Baroque fictions : revisioning the classical in Marguerite by Margaret Elizabeth Colvin

By Margaret Elizabeth Colvin

This quantity is the 1st in-depth research of the French novelist Marguerite Yourcenar’s fiction to contend that the author’s texts express in unforeseen methods quite a few features of the neobaroque. This subversive, postmodern aesthetic privileges extravagant creative play, flux, and heterogeneity. In demonstrating the affinity of Yourcenar’s texts with the neobaroque, the writer of this research casts doubt on their presumed transparency and balance, traits linked to the French neoclassical culture of the previous century, the place the Yourcenarian œuvre is typically positioned. Yourcenar’s election to the distinguished, tradition-bound French Academy in 1981 as its first lady “immortal” cemented her already well-established area of interest within the twentieth-century French literary pantheon. A self-taught classicist, historian, and modern day French moralist, Yourcenar has been praised for her polished, “classical” type and analyzed for her use of fantasy and common topics. whereas these elements at the start appear to justify amply the neoclassical label wherein Yourcenar is most generally famous, this study’s shut analyzing of 4 of her fictions unearths as an alternative the texts’ opacity and subversive resistance to closure, their rejection of solid interpretations, and their deconstruction of postmodern Grand Narratives. Theirs is a neobaroque “logic,” which stresses the absence of theoretical assurances and the restrictions of cause. The twist of fate of the hot millennium — which in such a lot of methods displays Yourcenar’s disquieting imaginative and prescient — and her centenary in 2003 offers no longer loads an excuse to reject the author’s neoclassical label, yet particularly the duty to reconsider it in mild of latest discourses. This examine might be of curiosity to scholars of twentieth-century French fiction and comparative literature, in particular that of the latter 1/2 the 20th century. desk OF CONTENTS: I. A Frontispiece II. advent Marguerite Yourcenar and the Writing of Fiction: a classy crucial III. bankruptcy 1 Anna,Soror...: Neobaroque Sacralizes the Abject IV. bankruptcy 2 Denier du rêve : Baroque Discourses,Fascist Practices V. bankruptcy three Neobaroque Humanism: “Sounding the Abyss ” in L ’Œuvre au Noir VI. bankruptcy four Neobaroque Confessions: Un homme obscur and the Oppressive Superficiality of phrases VII. end An writer for the hot Millennium VIII. chosen Works brought up and Consulted IX. Index of right Names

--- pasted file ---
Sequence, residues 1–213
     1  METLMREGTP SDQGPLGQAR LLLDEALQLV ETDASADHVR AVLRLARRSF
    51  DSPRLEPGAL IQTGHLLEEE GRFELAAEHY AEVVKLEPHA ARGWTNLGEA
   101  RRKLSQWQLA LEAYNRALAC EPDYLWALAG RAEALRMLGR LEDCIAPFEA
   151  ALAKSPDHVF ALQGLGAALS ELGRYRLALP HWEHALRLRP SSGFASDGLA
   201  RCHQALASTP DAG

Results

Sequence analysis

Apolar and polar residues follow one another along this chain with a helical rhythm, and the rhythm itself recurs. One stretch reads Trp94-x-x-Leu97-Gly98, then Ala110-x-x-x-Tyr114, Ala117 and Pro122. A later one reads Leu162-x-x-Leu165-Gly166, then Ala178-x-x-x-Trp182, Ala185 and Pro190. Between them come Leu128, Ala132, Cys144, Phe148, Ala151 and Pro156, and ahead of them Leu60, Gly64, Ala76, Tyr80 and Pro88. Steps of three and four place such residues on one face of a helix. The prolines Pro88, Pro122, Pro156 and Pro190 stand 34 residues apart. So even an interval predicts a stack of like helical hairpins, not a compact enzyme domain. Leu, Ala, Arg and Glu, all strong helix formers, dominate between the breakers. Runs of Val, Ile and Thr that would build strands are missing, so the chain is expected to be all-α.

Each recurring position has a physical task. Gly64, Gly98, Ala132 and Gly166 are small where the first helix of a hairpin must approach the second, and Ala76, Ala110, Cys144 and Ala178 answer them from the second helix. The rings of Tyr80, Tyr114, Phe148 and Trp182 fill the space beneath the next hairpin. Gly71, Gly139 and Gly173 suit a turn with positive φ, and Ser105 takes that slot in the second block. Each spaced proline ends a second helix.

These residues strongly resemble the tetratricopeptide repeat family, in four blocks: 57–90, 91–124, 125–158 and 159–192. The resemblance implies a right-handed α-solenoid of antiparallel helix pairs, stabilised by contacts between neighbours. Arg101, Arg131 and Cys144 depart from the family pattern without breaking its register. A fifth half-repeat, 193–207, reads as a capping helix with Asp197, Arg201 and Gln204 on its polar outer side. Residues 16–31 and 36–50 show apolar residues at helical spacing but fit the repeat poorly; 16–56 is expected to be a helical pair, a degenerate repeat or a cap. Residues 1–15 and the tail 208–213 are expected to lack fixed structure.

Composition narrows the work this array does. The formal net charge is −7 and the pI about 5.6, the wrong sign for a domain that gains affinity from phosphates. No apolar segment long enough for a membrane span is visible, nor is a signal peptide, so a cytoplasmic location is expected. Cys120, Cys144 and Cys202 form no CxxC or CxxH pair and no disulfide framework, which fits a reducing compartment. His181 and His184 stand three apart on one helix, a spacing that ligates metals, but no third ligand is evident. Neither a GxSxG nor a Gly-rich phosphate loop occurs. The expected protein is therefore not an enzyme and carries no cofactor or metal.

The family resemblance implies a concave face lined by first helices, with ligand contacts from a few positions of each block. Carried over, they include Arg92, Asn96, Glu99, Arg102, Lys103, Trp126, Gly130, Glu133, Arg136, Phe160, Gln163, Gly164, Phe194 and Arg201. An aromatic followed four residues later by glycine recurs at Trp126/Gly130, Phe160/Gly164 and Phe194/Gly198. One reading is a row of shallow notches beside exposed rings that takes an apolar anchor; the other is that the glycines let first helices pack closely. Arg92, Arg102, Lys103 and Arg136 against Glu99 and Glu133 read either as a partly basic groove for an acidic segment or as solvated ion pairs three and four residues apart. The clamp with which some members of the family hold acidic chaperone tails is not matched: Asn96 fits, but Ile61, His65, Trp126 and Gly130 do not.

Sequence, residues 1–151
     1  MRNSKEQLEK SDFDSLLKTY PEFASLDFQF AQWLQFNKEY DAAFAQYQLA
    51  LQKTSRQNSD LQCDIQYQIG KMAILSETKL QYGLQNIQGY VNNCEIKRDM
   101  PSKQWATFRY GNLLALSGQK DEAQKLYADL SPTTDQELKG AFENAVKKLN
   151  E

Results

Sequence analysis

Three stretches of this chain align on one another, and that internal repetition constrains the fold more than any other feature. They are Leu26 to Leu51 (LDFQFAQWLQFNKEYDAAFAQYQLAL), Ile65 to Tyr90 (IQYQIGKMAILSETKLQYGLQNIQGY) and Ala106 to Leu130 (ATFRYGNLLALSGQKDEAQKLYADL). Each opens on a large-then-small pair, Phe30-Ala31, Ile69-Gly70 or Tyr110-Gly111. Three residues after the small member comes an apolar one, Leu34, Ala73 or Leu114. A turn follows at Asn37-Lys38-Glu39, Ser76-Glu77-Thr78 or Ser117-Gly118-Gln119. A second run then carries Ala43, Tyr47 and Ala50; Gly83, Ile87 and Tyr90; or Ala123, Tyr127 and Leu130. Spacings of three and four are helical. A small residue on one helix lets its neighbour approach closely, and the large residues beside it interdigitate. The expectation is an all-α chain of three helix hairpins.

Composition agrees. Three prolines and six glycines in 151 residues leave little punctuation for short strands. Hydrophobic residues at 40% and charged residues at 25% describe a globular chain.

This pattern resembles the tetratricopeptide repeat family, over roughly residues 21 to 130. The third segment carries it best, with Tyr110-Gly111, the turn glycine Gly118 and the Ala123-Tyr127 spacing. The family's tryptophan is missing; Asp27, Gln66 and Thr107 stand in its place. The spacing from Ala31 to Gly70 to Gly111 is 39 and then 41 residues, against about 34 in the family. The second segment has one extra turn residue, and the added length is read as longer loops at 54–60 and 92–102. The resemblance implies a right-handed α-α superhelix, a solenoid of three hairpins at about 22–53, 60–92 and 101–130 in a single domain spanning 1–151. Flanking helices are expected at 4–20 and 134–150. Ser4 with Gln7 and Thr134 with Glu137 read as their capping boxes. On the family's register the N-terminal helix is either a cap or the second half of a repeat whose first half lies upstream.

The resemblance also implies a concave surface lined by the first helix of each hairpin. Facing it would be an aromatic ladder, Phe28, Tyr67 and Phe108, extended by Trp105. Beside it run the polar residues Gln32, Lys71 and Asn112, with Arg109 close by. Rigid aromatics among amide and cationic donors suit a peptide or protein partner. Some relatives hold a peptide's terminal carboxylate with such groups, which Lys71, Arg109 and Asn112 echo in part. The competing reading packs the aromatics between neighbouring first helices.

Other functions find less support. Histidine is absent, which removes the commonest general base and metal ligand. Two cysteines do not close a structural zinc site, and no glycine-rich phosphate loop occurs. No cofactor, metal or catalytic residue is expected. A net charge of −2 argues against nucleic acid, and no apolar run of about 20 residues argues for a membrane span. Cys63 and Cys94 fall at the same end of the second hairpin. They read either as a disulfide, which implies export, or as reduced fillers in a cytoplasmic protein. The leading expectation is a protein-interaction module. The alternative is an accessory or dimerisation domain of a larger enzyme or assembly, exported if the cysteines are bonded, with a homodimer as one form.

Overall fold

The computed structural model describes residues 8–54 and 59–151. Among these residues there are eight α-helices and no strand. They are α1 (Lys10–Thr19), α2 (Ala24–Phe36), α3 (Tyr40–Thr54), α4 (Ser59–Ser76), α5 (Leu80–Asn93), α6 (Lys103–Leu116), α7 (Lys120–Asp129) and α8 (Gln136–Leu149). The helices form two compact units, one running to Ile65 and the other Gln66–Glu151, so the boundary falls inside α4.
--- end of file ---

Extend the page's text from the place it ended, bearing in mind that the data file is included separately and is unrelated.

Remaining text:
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Such tension perhaps arises from the author’s own ambivalence toward the reading public. She could be both generous and tolerant toward her readers if she considered them thoughtful and well informed: many are the occasions when she took the time to respond to her readers, as her biographers attest. She could also be dictatorial (as we shall see in later chapters) and derogatory when she chose to group her readers with contemporary society as a whole, whose hierarchical structures and systems she generally mistrusted and to which she maintained an attitude of ironic hostility.

Introduction 29 essays range from 1931 to 1982; in En pèlerin et en étranger, from 1927 to 1987. There is in my view something vertiginous and spiral-like in the continuous retracing, revisiting, revising, polishing, and expanding undertaken by the author during this last, lengthy phase of her literary career. ,” and so on) that accompany, valorize, and often exonerate each fictional work. It almost seems as though the author could confer on these works any sense of stability of purpose and meaning only retrospectively, once her notoriety was secured and, in a sense, almost beckoned her to do so.

Patrick Camiller, intr. Bryan S. Turner (London: Sage Publications, 1994) 39. 2 Julia Kristeva, Powers of Horror, trans. Leon S. Roudiez (New York: Columbia UP, 1982) 1-17 ; and “Abjection,” The Routledge Companion to Postmodernism (London and New York: Routledge, 1998) 177. 52 Baroque Fictions guise of the transgressed prohibition against incest, saturates this short text, breaching classical notions of “nature” and bienséances. For unlike classical authors of antiquity or of seventeenth-century France whose use of themes of transgression and horror resulted in harmonious resolution (for example, divine justice/retribution or ineluctable destiny), Yourcenar’s employment of those themes suggests ambiguity, a lack of closure and resolution.

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